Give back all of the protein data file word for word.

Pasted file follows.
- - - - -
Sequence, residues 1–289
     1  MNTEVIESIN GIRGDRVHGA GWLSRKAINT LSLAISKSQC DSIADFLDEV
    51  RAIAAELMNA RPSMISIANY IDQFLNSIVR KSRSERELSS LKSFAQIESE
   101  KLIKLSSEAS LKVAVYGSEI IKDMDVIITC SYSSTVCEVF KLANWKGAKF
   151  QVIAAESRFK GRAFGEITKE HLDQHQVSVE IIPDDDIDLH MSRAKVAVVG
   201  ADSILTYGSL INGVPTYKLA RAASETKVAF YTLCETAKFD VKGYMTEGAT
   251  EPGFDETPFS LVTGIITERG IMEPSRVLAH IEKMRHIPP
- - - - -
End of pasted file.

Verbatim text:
Sequence, residues 1–289
     1  MNTEVIESIN GIRGDRVHGA GWLSRKAINT LSLAISKSQC DSIADFLDEV
    51  RAIAAELMNA RPSMISIANY IDQFLNSIVR KSRSERELSS LKSFAQIESE
   101  KLIKLSSEAS LKVAVYGSEI IKDMDVIITC SYSSTVCEVF KLANWKGAKF
   151  QVIAAESRFK GRAFGEITKE HLDQHQVSVE IIPDDDIDLH MSRAKVAVVG
   201  ADSILTYGSL INGVPTYKLA RAASETKVAF YTLCETAKFD VKGYMTEGAT
   251  EPGFDETPFS LVTGIITERG IMEPSRVLAH IEKMRHIPP